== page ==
by James J. Rooney, Esq.
Over the past couple of decades, there has been much debate over whether arbitration agreements can successfully prevent employees from asserting discrimination and other employment-related claims in court.
The idea—propounded by professional arbitrators as a surefire way to handle litigation in a faster, more efficient and cheaper manner—has caught on, thanks to several favorable Supreme Court decisions in the last decade. Simply put, arbitration is seen as a risk-limiting tactic because juries are removed from the equation. That means no runaway jury verdicts.
Lost in this debate, however, is a simpler and perhaps more reliable means of managing an employer’s risk: a jury waiver.
What is a jury waiver?
A jury waiver is a contractual provision in which an employee waives the right to a trial by jury in a legal proceeding brought against an employer. Such a provision is most commonly found in employm...(register to read more)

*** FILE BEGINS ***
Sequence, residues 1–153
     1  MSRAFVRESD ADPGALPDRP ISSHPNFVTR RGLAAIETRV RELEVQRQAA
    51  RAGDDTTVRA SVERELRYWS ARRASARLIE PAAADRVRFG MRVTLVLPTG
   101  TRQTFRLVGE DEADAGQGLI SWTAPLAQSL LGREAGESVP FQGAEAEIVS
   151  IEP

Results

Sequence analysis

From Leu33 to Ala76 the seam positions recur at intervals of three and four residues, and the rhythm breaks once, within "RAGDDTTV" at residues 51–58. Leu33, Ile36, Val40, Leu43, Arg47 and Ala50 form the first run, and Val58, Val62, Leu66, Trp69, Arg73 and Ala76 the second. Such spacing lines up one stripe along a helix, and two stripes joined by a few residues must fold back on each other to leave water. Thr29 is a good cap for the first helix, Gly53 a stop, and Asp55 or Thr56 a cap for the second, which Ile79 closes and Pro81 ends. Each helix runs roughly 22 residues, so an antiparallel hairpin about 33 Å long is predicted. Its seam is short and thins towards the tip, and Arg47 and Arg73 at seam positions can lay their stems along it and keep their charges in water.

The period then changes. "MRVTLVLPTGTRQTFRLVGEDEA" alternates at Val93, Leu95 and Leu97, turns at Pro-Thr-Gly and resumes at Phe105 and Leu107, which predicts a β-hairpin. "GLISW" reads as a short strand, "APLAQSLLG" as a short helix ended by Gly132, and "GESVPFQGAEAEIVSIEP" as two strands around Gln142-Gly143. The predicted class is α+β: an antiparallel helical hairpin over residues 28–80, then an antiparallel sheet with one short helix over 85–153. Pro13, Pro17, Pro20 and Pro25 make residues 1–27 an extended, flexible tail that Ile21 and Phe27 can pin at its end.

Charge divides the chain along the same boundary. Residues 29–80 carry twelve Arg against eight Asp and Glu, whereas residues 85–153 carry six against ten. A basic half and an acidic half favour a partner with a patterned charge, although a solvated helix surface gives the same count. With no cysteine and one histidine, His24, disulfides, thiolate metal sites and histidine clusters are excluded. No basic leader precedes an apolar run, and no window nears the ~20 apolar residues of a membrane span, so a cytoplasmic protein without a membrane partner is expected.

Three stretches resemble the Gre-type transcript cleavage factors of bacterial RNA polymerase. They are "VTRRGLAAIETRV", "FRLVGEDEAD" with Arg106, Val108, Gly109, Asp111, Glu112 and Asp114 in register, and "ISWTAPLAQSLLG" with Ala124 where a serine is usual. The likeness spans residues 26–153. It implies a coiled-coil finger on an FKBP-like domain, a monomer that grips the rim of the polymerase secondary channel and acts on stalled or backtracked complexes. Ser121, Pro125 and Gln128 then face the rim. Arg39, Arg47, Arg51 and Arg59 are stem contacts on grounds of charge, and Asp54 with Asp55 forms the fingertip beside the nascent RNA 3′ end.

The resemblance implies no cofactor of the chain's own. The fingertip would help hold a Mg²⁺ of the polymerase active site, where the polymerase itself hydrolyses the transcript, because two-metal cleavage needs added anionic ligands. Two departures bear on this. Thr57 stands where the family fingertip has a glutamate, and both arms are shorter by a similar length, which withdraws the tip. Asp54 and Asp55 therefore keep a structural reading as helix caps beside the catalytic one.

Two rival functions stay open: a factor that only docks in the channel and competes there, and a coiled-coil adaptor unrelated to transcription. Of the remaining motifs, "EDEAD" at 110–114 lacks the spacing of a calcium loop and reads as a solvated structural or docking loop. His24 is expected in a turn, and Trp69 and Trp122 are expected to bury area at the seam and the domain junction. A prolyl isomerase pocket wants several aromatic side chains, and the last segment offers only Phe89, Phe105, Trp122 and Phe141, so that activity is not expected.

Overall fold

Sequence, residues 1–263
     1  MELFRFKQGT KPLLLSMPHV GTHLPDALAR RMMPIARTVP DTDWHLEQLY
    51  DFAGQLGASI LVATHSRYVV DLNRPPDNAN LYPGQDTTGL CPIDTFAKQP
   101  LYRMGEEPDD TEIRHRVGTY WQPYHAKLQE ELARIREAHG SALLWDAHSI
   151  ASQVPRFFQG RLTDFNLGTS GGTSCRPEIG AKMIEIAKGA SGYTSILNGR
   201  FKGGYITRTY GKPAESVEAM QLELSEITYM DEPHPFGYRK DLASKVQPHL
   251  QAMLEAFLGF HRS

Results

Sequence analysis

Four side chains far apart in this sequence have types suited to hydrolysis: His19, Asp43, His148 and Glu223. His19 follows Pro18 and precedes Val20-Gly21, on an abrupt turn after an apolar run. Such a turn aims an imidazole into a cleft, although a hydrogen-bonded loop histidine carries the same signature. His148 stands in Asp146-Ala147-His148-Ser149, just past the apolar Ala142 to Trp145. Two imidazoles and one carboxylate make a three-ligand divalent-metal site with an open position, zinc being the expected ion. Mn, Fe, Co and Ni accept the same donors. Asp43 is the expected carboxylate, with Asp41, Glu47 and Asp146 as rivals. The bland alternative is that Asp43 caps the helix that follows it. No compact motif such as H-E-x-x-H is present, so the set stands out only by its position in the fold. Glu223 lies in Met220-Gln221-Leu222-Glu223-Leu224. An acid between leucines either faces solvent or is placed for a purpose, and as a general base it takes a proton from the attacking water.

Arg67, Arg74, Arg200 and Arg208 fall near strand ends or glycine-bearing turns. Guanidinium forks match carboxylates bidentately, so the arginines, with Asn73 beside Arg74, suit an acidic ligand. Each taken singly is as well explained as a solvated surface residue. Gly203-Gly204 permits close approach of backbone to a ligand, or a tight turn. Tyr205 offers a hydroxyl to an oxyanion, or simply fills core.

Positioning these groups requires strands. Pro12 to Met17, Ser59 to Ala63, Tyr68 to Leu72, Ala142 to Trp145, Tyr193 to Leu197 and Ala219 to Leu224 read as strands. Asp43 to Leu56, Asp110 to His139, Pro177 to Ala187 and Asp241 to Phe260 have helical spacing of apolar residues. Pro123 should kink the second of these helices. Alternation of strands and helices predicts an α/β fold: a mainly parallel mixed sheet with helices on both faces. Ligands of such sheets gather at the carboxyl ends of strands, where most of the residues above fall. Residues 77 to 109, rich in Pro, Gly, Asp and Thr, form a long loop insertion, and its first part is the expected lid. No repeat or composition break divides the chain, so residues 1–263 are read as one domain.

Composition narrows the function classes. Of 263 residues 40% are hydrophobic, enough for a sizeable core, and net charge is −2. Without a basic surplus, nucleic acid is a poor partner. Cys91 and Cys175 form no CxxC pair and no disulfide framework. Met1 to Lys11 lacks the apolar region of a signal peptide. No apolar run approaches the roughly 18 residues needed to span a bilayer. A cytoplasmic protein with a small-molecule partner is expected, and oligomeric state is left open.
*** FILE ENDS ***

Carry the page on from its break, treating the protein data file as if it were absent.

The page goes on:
- How to Fire an Employee the Legal Way: 6 Termination Guidelines
- Remind employees: As Coke verdict shows, stealing secrets can earn jail time
- Lessons from the 2006 SHRM conference: Online-Only Handbooks: a risky legal proposition
- 9 surefire morale deflators--and how to avoid them
- Keep medical data private, even if new HIPAA rules don't apply